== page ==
"A sophisticated blend of economic, political, and social analyses, this book makes a valuable contribution ot the continuing debate on the origins of the British abolition of the slave trade in 1807. Essential." -Choice

    "...this thoroughly researched book makes essential reading for any scholar or student of British slavery and abolition." - Henrice Altink, American Historical Review

    "[Ryden's] monograph integrates this new evidence into the broader story of sugar production and slavery to produce a compelling analysis." Andreas Fahrmeir, sehepunkte

    "...Ryden has re-injected life into the debate about abolition. While not the final word, it is an impressive contribution to that debate." -Times Literary Supplement

    "Ryden...handles economic, cultural and political sources with equal skill, and puts to elegant use the results of a decade of digging in British, Jamaican and British collections. Ryden makes a distinguished contribution to Atlantic history and not merely to the history of anti-slavery." -Richard Drayton, The Journal of Imperial and Commonwealth History

    "Ryden has written one of the most important books in the field for many years."
    EH.net James Walvin, University of York

    "...timely and compelling book..." -Brooke N. Newman, Eighteenth-Century Studies

    "...Ryden successfully puts the issue of West Indian economic decline back on the scholarly agenda and places the Caribbean at the centre of our understanding of the debate over abolition." -English Historical Review

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    Product details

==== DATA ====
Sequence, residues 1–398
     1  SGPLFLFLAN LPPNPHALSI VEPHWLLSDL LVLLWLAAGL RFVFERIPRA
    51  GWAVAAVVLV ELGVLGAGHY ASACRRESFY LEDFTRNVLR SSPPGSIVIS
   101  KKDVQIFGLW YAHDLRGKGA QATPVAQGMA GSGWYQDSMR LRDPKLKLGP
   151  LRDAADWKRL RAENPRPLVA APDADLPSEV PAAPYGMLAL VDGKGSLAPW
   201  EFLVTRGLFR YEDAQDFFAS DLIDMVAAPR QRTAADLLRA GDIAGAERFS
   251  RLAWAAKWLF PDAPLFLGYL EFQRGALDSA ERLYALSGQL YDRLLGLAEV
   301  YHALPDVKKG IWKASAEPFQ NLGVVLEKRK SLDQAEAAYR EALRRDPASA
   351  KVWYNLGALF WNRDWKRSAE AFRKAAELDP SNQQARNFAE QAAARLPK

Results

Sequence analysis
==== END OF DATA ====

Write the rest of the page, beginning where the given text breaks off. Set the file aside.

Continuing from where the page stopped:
• Date Published: March 2010
    • format: Paperback
    • isbn: 9780521148047
    • length: 352 pages
    • dimensions: 229 x 152 x 20 mm
    • weight: 0.52kg
    • availability: Available
  • Table of Contents

    1. Producing a peculiar commodity
    2. The Atlantic economy's political economic power
    3. Jamaican planters and the London West India interest
    4. The production and distribution of Jamaican muscovado
    5. Duties, drawbacks, and the uncommitted mercantilists
    6. The management of slaves in Jamaica
    7. Abolition and colonial reform
    8. Antiabolition and colonial rights: the defense of the slave trade
    9. A business paradox: rising productivity and collapsing profitability
    10. Rapid decline and abolition.

  • Author

    David Beck Ryden, University of Houston
    David Beck Ryden (Associate Professor of History, University of Houston - Downtown) has degrees in Economics and History from Connecticut College (BA), the University of Delaware's College of Business and Economics (MA), and the University of Minnesota's Department of History (Ph.D.). He is the author of several articles on British American slave societies for Slavery and Abolition, The Journal of Interdisciplinary History, and Social Science History. He is also editor of The Promoters of the Slave Trade, a collection of pro-slavery pamphlets produced by West Indian planters during the age of abolition. The Economic History Association selected Ryden's dissertation as a finalist for the Alexander Gerschenkron Prize. He was a postdoctoral fellow and lecturer in the Department of American Studies and History at Brunel University in London.